The mermaids of the East China Sea – the haenyeo – have historically been fishing by hand in the waters off Jeju Island since before the Second World War. Photographer José Jeuland captures their aquatic lives in his first exhibition on these “sea women”
Text: Rachel Genevieve Chia
In an interview with Asian Geographic, Fujifilm Singapore X-photographer José Jeuland shares his year-long project documenting the culture, history and personalities of South Korea’s female divers, some of whom are well over 80 years old. These haenyeo (“sea women”) make multiple dives a day to catch seafood in ocean depths of up to 20 metres without proper diving equipment.
Q: Why the Haenyeo as a subject? What about them captured your attention?
JJ: Before becoming a photographer I was a professional cross-country marathon runner. It all began when I was signing up for a race in Jeju Island. By coincidence I saw some pictures of the haenyeo on the internet. As a sportsperson, it struck me how active they were in their old age, despite how dangerous the profession was. It was such a unique culture that I was driven to document all of it: their culture, how they work, what they do every day.
The women I photographed were mostly between 50 and 80 years old – some were well over 80. It was very surprising how agile they were once they were in the water. When they’re on the ground, they look old; their bodies are not athletes’ bodies. But once they’re swimming and diving, they have amazing body shapes, like fish.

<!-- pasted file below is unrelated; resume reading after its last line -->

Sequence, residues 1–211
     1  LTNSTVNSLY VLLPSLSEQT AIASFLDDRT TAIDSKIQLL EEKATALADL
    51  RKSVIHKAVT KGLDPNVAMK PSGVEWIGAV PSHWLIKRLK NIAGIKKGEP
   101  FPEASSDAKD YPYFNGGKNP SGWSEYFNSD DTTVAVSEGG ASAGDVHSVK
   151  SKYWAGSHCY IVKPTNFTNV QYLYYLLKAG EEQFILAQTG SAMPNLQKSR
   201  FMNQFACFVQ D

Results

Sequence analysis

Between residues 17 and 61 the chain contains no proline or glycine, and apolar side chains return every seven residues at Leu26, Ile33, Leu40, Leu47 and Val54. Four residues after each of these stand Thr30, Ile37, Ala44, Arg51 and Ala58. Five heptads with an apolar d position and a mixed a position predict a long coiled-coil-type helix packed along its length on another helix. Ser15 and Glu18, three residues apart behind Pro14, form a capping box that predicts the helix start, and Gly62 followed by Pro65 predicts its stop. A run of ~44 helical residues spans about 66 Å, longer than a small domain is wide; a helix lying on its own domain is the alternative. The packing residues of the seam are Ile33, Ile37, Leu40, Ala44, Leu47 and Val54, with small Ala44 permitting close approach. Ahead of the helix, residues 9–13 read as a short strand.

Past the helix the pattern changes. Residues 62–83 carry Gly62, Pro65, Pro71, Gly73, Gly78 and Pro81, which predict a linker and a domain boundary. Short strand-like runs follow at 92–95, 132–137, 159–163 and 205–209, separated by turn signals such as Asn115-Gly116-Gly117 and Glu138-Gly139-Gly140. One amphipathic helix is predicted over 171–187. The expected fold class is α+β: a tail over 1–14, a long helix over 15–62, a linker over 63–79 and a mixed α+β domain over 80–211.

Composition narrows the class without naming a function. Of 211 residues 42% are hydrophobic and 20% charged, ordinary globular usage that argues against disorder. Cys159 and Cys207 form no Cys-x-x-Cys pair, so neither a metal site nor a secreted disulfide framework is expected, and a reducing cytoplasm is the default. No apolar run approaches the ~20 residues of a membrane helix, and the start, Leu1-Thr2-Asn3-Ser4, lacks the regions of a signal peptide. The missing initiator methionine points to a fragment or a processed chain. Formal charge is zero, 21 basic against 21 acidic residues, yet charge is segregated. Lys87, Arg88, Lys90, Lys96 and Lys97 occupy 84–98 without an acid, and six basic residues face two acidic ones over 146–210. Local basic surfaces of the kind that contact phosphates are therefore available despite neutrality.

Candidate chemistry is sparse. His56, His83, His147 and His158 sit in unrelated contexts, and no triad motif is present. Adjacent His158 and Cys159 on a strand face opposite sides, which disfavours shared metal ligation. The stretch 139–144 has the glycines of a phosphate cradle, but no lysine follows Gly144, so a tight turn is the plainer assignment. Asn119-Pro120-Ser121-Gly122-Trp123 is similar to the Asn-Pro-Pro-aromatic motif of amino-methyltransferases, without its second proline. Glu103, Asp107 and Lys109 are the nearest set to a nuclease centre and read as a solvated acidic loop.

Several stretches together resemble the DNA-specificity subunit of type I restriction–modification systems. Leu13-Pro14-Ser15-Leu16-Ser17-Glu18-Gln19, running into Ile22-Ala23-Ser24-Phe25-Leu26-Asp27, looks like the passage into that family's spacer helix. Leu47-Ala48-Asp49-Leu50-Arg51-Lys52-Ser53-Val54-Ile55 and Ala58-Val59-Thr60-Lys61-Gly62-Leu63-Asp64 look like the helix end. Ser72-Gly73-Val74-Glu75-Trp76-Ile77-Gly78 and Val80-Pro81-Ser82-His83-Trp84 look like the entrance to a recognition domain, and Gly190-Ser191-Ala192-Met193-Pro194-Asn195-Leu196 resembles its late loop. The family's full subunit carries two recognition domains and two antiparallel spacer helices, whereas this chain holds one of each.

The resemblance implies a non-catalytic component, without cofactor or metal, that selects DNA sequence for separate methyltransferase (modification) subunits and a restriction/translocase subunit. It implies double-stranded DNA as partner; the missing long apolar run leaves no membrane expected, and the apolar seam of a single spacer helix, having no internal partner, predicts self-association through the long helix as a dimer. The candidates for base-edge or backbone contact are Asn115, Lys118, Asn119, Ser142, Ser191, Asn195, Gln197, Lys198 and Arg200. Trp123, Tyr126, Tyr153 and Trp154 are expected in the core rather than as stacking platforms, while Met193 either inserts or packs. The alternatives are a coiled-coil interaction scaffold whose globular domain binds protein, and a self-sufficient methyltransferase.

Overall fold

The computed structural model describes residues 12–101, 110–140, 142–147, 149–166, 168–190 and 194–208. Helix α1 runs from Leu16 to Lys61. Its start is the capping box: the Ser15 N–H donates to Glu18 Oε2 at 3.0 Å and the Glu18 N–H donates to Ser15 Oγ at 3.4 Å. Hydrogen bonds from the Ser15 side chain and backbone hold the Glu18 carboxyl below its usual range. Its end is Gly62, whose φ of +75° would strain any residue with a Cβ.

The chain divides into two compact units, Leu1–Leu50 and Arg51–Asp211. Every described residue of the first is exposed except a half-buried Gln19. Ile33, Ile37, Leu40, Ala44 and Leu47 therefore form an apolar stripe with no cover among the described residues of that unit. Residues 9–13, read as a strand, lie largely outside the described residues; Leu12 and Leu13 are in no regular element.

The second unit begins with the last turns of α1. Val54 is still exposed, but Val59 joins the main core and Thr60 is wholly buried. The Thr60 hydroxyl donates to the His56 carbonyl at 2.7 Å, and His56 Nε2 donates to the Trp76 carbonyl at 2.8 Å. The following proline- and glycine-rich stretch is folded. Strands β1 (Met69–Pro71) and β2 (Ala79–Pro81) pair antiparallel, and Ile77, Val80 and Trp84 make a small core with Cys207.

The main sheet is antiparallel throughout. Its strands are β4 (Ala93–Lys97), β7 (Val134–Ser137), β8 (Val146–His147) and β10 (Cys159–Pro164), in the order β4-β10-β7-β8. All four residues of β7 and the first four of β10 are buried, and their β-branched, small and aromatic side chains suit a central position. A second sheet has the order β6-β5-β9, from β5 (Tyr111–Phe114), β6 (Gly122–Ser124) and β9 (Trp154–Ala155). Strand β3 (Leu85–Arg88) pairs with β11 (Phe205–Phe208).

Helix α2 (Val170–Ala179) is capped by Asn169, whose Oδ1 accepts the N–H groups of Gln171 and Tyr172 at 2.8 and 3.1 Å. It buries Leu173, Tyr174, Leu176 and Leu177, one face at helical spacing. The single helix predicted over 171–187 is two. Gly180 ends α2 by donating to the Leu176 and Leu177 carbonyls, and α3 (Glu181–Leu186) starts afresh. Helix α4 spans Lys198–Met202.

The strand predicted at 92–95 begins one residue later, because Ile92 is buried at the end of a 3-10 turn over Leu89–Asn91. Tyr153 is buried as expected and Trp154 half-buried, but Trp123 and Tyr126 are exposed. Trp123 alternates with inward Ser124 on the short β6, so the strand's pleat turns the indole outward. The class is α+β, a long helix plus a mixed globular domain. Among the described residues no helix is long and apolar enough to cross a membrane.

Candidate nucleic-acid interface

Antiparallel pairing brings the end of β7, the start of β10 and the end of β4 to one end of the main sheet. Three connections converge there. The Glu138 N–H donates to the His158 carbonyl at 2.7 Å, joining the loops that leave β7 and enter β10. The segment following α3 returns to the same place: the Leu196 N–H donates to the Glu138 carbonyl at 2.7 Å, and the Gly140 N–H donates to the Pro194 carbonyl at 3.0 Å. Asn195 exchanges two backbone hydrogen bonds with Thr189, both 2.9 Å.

Some haenyeo even hope to pass away in the sea, instead of peacefully at home. And this does happen, because theirs is such dangerous work. On my first trip to Jeju Island, I photographed a group of about 15 – 20 haenyeo. One woman was 83 and another was 85. They liked me enough, so I was invited to join them again the following day. But I had to go for my race.
Afterward I found out that one of the ladies I photographed died the day of my race. They found her floating in the water.
I admire how the haenyeo are very healthy and active for people of their age. If you look at old people from other countries, they stay at home and watch TV and sit on the couch and lose their mobility and age faster than they are supposed to. They have very little social contact. But these haenyeo are still working, and they are like family. They meet their fellow haenyeo, and joke among each other. So they are ageing, but not cut off from the world yet. I’d like to put these people in the spotlight.